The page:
Here on Super Sonido we tend to focus on cumbia and the more costal/tropical sounds from Latin America but in this post I want to shine some light on music from the Andes of Peru, specifically the region my family is from, Ayacucho.
Located in the central province of Huamanga is the capital city of Ayacucho. The city is named after the historical Battle of Ayacucho, fought during the Peruvian war of independence from Spain. Upon seeing so many casualties on the battlefield, locals called the area Ayakuchu, aya meaning “dead” and kuchu meaning “corner” in the Quechua language. An appropriate moniker considering it later became the epicenter of the Maoist uprising in the 80’s, led by the rebel group Sendero Luminoso (The Shining Path), an organization that gripped the country for over 20 years.
Since the times of the Spanish conquest, death and sadness have been common themes in this region -and nothing reflects this more than the melancholic rythm of la guitarra Ayacuchana. A guitar style so unique, that it is rarely heard in other parts of Peru , much less outside of the country.
The history of music from Ayacucho would be difficult to cover in one single blog post. It would probably require it’s own separate blog entirely. However, I wanted the opportunity to post some of my own personal videos and tracks – something that I hope will give the listening audience some idea of how this style of music fits into the larger picture of Peruvian popular culture. Perhaps illustrating how prominent the guitar is in Peruvian music, as reflected later in musical genres like Chicha and Cumbia Peruana. In Ayacucho the guitar became the instrument that empitomized that region’s sound. It achieved classical status while reflecting it’s indigenous melodic roots, something that tends to allude other instruments and styles such as Chicha and Cumbia, which are commonly looked down on as low class music.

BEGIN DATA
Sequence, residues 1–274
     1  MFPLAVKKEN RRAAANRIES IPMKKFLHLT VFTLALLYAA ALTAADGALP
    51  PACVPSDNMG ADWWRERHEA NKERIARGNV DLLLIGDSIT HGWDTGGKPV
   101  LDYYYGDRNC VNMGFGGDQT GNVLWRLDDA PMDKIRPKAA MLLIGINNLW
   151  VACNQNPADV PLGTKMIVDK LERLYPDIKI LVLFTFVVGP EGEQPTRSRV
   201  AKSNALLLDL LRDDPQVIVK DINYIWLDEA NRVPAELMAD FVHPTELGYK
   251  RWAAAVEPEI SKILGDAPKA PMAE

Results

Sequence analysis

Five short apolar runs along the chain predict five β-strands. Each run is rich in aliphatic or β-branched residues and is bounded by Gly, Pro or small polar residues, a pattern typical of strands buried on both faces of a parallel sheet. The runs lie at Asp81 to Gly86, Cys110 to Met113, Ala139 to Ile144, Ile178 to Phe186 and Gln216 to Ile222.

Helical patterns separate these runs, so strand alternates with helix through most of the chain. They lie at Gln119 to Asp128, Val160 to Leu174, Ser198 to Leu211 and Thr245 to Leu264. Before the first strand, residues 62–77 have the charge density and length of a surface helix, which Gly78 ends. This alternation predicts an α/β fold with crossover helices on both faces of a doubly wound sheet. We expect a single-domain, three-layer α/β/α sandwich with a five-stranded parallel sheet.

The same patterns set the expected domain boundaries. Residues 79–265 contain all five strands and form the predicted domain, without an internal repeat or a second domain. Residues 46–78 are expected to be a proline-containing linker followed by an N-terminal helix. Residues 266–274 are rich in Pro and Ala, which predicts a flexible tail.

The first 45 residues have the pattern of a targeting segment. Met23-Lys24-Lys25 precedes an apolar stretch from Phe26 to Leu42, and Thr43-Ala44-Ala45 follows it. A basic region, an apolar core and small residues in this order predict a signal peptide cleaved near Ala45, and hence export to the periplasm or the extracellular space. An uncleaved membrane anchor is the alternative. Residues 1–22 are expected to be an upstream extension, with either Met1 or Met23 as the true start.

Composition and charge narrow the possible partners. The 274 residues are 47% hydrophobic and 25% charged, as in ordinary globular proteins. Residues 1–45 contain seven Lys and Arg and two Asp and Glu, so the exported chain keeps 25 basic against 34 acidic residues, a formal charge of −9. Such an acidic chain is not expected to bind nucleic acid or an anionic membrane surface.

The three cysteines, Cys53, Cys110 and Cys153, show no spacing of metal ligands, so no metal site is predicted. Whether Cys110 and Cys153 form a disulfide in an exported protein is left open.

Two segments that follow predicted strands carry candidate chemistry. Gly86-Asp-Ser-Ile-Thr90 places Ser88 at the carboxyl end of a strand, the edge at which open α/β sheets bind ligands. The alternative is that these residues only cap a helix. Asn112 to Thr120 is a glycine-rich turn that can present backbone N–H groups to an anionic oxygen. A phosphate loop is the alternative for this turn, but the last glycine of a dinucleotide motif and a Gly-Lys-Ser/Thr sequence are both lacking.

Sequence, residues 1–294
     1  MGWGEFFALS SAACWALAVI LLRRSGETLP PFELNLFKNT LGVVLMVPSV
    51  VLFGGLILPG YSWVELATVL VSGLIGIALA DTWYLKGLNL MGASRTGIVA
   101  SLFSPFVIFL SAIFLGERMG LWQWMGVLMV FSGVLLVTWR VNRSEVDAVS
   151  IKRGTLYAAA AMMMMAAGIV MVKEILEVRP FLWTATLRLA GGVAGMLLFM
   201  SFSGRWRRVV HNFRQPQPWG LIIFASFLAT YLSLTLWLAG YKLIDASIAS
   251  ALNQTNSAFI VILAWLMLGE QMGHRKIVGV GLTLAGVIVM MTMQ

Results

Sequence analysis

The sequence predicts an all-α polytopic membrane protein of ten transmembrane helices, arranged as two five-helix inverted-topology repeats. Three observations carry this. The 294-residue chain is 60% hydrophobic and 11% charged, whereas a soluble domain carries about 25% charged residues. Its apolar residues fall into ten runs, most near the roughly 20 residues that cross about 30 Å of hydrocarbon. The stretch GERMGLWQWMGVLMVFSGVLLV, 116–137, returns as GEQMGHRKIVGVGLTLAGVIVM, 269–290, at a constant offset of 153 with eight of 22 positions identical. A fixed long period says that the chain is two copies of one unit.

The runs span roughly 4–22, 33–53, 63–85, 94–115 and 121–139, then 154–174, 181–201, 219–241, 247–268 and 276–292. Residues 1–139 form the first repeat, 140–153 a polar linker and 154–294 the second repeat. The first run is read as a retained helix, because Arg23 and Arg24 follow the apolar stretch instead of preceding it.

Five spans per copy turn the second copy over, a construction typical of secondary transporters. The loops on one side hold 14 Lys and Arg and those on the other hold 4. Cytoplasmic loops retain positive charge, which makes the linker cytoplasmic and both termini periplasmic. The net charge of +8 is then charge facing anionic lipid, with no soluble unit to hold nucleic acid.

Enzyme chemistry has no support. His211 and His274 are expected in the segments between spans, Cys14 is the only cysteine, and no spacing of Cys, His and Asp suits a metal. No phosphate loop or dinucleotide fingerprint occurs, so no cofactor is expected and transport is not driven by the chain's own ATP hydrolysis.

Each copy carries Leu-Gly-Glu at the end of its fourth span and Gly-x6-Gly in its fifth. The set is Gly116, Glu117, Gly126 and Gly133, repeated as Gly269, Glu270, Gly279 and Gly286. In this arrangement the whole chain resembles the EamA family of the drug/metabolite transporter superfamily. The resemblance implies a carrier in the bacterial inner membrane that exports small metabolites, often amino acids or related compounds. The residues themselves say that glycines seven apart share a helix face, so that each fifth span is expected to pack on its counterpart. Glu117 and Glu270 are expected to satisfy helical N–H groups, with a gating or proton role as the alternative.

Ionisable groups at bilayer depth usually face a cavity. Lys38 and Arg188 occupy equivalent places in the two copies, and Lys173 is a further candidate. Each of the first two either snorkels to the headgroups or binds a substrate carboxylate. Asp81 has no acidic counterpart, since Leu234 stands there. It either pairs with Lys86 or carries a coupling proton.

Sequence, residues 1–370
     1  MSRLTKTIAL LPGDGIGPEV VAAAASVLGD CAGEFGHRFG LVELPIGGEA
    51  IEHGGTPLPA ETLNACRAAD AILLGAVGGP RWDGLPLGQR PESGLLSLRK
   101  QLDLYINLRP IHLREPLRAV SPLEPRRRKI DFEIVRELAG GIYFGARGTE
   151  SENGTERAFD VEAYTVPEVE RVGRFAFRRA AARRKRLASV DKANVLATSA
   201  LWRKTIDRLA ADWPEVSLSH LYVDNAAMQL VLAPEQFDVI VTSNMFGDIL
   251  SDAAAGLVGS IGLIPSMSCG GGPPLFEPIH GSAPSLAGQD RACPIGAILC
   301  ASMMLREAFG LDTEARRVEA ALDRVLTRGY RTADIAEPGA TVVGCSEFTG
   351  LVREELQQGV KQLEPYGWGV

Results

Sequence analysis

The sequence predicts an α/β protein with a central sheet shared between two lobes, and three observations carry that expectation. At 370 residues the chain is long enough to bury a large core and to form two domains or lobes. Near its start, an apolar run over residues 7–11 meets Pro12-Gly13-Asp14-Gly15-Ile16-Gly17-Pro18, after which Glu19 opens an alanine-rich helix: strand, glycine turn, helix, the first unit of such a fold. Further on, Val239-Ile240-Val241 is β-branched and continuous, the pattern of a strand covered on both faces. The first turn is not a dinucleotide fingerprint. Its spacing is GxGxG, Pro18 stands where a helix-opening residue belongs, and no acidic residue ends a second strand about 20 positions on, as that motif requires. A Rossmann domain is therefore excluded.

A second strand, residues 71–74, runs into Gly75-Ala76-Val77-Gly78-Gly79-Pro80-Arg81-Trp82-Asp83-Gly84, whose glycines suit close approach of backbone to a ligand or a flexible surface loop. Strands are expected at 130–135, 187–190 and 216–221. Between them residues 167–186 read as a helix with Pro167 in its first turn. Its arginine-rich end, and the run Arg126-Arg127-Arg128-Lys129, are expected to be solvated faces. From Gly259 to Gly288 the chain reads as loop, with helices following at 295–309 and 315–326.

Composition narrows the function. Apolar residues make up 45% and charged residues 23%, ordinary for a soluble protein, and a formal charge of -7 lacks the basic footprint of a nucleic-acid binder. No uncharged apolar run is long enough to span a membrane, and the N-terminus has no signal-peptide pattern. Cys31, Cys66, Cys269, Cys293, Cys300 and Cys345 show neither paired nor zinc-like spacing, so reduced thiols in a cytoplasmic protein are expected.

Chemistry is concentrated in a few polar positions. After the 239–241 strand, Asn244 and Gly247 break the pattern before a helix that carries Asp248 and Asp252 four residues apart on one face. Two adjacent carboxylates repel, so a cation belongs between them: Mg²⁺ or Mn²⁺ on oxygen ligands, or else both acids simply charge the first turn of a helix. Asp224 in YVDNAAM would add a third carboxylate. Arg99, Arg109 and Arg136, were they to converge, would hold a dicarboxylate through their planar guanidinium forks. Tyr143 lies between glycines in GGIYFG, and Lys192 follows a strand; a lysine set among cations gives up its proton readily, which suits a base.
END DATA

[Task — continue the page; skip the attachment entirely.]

Included in this post are videos that I shot back in 2001 in Huancayo, Peru . They feature my friend and mentor Rudi Felices playing various compositions, one of which he composed. During the war in the 80’s, Rudi was lucky to escape from Ayacucho with his life, he was shot in the arm as he jumped from rooftop to rooftop, escaping the city in the middle of the night. He now lives in Huancayo and works as a math teacher. In the second video clip he goes into some of the history behind one of the classic Ayacuchano songs he refers to as Temple el Diablo, also known as Helme. I have also included an MP3 version* played by the undisputed king of the guitarra Ayacuchana Raul Garcia Zarate. As the story goes, the song was written by a guy named Helme, who after finding his woman with another man, killed them both in a fit of rage and ate their hearts. In his depression, he called upon a famous quenista (flute player) and asks him to teach him a type of playing called Manchay Puito, which is the saddest music known to man; Sadder even than another style called “Yaravi”. He then began to play this music as punishment for the crime he had committed. It’s widely believed that if you play this style of music long enough it will drive you to suicide. ENJOY!!!!
- Dj Lengua